CSS Naked Day

An annual festivity on April 9 (est. 2006).

Easter egg

Just as one would expect, CSSence.com has CSS Naked Day observation among its Easter eggs. But that hasn’t always been the case.

I’ve been a fan of the idea of CSS Naked Day before I even had this website, but after my site went live in 2011, I never really thought about celebrating it. For many years, April 9 came and went. It was in 2020 when the topic made a cameo on my social media feed. What I didn’t know at the time: The conversation between Eric Meyer and Brian Kardell already contained an important ingredient that four years later would play a role in my implementation of the temporary style sheet removal.[1]

From 2024 onwards, this site will be displayed without style sheets on April 9.


What others had to say about CSS Naked Day on their blog:

Famous words

There’s a reason why CSS became HTML’s sidekick. It has always been about separation of concerns. This is what the inventor of CSS Håkon Wium Lie had to say about CSS Naked Day:

This is a fun idea, fully in line with the reasons for creating CSS in the first place. While most designers are attracted by the extra presentational capabilities, saving HTML from becoming a presentational language was probably a more important motivation for most people who participated in the beginning.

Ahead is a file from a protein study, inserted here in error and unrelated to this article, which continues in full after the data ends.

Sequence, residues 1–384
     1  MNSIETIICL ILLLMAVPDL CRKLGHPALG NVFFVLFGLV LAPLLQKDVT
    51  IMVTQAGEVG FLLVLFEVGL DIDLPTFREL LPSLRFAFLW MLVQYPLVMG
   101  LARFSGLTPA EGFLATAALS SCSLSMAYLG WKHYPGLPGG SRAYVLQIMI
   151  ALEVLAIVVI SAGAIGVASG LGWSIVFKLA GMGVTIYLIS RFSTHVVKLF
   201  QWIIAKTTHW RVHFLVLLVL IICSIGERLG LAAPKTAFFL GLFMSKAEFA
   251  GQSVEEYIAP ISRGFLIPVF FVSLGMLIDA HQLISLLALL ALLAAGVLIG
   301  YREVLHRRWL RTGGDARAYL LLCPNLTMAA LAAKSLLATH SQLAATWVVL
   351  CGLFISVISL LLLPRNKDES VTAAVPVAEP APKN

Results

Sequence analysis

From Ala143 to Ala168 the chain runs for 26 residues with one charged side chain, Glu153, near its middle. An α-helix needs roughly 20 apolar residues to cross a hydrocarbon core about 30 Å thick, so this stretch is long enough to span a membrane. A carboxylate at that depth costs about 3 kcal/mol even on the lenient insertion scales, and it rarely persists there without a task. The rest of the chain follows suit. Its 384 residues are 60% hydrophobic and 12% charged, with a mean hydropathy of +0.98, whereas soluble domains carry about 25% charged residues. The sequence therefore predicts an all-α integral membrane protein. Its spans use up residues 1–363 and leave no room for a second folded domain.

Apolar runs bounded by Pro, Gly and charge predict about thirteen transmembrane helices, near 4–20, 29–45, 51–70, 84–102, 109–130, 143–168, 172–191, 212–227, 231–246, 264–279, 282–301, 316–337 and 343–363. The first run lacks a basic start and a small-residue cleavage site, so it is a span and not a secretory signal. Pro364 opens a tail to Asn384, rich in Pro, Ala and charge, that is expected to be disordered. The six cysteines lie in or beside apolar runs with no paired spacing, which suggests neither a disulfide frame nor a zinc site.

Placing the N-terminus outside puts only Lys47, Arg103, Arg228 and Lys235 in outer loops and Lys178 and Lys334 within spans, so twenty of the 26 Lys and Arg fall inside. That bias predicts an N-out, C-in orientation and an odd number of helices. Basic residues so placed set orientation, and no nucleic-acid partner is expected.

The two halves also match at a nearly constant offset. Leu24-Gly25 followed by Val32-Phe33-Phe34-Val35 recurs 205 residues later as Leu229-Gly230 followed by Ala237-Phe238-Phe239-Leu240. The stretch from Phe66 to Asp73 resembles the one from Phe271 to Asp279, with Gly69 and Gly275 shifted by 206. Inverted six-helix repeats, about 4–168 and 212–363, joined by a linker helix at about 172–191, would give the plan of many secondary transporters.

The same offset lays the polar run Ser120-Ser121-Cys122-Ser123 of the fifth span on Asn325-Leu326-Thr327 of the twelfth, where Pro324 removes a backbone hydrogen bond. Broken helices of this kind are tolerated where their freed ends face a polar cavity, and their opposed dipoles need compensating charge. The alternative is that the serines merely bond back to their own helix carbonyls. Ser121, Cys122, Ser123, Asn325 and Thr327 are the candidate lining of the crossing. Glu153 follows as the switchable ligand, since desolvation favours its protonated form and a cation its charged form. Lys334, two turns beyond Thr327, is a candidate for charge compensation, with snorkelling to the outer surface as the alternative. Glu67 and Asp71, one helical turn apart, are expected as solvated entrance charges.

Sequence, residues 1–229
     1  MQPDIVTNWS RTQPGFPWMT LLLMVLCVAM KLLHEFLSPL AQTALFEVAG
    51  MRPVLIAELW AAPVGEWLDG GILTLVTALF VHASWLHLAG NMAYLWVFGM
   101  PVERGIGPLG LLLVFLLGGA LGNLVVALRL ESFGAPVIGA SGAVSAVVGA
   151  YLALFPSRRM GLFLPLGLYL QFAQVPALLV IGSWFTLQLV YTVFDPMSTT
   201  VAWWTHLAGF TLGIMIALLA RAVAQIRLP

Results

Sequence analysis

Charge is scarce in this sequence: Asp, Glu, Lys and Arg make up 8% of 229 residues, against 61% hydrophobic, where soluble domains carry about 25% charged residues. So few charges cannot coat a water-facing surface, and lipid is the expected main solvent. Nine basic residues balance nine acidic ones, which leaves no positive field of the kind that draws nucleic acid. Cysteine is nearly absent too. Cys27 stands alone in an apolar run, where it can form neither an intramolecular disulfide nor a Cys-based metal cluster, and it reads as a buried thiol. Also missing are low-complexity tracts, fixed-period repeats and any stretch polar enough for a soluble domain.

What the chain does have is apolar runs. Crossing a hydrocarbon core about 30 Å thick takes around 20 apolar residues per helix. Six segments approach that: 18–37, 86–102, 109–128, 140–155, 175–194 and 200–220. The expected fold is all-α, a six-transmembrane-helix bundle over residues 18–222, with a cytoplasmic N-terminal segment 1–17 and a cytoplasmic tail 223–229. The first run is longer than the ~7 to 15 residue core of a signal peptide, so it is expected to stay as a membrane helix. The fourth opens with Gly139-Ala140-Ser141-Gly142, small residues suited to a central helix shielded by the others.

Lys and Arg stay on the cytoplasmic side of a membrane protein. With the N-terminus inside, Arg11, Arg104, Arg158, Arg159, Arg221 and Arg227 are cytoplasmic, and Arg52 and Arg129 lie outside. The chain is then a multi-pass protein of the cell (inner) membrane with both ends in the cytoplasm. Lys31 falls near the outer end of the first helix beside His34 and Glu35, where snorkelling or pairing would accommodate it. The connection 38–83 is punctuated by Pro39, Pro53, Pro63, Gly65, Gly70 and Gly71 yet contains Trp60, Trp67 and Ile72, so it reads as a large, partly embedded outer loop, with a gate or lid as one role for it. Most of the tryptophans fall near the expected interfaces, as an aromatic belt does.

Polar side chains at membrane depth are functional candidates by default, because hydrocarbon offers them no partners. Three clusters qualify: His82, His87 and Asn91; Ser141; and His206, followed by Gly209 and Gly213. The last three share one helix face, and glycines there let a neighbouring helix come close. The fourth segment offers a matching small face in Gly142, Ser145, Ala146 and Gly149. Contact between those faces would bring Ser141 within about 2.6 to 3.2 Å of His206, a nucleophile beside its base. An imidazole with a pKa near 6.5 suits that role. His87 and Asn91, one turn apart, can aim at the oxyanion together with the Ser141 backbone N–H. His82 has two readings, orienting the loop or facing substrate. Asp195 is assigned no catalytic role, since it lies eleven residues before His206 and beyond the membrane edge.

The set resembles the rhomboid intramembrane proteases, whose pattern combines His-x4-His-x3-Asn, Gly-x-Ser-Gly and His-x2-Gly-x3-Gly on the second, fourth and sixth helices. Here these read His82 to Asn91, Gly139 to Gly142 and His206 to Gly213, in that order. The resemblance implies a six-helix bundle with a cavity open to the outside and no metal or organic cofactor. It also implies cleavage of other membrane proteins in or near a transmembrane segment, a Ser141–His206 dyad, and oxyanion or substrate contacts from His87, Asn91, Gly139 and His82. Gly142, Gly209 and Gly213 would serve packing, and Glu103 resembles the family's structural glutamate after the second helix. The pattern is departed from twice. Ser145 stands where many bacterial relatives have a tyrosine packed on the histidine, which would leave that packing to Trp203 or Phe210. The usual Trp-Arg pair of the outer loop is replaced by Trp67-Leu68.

On this day

Coincidentally and coincidently, April 9 is also the birthday of the man behind this website.

In plain sight

CSS Naked Day observation is displayed prominently on the Settings page. Isn’t a digital Easter Egg supposed to be hidden? Well, there is one more thing to it, but this will be discussed under »Markup«.


  1. Or so it did initially. In the implementation that went live, setting a style sheet to disabled is only done for older browsers. In modern browsers, I decided to swap classnames on page load, to reduce Flash Of Unstyled Content (FOUC)[2] and also Flash of inAccurate coloR Theme (FART). ↩︎
  2. Although a flash of inaccurate style is much more likely. ↩︎